Analysts have been sending out their research reports to their clients again this week. The following is a review of the most important downgrades for the week of April 30 till 4 May.
Deutsche Bank has lowered its advice for Mednax (MD) from buy to hold and lowered its price target to $73. Shares in the provider of physician services fell over 5% on the week to their lowest levels in 2012 around $66 per share. The bank is worried that the slower pace of acquisition deals coupled with a change in the margin profile will lead to less of an earnings multiple expansion than previously thought. Shares came under pressure this week as Mednax reported quarterly profits of $0.98 which missed analyst consensus of $1.00 per share.
Barclays Capital lowered its advice for Expedia (EXPE) from equal weight to underweight with a price target of $34 per share. Despite the downgrade by Barclays, shares in the online travel company gained 1.7% over the week ending at $40 per share. Shares rose more than 20% the week before as the company issued a very strong earnings report and raised its full year guidance. Barclays beliefs that the recent move, which drove shares to all time highs, is a sign that the market is too optimistic about the company's ability to drive high-quality growth.
Deutsche Bank lowered its advice for VeriFone (PAY) from hold to sell with a $40 price target. Deutsche Bank questioned the company's organic growth projections. The bank claims that VeriFone has overstated organic revenue growth as most of the revenue increase came from selling own products to customers from the acquired Hypercom business. The company disputed the comments from Deutsche Bank and sticked with its 10-15% organic growth target for the year. Investors got scared off by the warning and send shares 14% lower to close at $46.90, still 15% above the target price.
Procter & Gamble
Oppenheimer lowered its recommendation for Procter & Gamble (PG) from outperform to perform. The bank has revised its recommendation after the company reported some mixed results for the latest quarter, accompanied by a disappointing near term outlook. Oppenheimer says the company has been "disproportionately impacted by sluggish market growth" and the company will most likely to remain "growth-challenged". The latest pass through of commodity prices has lead to lower revenue growth as consumers stayed away in some product groups, after recent price hikes.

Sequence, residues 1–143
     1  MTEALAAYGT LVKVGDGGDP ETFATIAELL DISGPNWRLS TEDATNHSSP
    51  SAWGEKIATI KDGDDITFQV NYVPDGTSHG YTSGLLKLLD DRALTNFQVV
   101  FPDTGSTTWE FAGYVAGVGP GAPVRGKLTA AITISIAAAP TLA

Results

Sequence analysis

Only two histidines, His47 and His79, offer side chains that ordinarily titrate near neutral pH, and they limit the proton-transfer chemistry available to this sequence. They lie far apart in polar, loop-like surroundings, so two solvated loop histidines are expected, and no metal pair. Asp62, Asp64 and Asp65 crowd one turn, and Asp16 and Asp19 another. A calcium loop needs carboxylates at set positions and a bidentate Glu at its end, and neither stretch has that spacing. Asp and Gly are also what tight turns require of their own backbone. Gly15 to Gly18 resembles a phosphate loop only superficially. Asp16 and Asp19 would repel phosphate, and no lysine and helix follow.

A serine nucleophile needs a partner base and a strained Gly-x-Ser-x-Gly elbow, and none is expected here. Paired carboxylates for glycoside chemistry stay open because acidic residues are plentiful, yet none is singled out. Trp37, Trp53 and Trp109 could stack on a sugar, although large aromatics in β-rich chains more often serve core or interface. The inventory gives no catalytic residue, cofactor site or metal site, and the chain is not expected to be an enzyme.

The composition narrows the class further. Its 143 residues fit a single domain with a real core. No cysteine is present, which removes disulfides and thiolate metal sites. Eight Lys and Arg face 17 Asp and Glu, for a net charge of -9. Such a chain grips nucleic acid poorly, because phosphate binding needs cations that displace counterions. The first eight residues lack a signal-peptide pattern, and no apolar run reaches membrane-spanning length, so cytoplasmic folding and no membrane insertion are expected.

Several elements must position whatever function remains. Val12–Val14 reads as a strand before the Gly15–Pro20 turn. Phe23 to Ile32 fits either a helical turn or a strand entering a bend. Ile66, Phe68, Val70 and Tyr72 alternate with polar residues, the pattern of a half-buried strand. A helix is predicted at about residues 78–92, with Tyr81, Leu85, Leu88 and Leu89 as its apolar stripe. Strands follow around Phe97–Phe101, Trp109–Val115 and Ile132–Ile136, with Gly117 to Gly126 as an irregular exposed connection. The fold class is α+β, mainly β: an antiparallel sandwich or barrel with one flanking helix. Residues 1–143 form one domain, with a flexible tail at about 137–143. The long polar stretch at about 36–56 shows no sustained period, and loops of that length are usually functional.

Goldman Sachs initiated Supervalu (SVU) with a sell recommendation accompanied by a $5 price target. Shares of the grocery company fell almost 10% on the week to close at $5.54 on Friday after Goldman cited that the company may encounter more trouble than the financial community currently realizes. Cyclical headwinds and excess financial leverage will continue to pressure results, which leaves little for shareholders in the intermediate future. Continued market share losses will most likely imply that the company will miss on its next earnings release. Shares in the grocery company have fallen almost 90% since the all time high set in 2007 to trade at 30 year lows.
As is well known, analysts research reports tend to be heavily biased towards the buy side. This makes any sell side research much more interesting as banks do not have to please their corporate customers in order to win investment banking deals. Unfortunately some of the recommendations come after the fact (often after an earnings release) but this week we saw two interesting calls. First of all is the very unusual call of Deutsche Bank regarding VeriFone Systems on the back of the "organic growth" debate. Second is the sell recommendation initiated by Goldman Sachs for Supervalu which sends shares lower on the week. It will be interesting to keep a close eye on the results of these calls in the short term.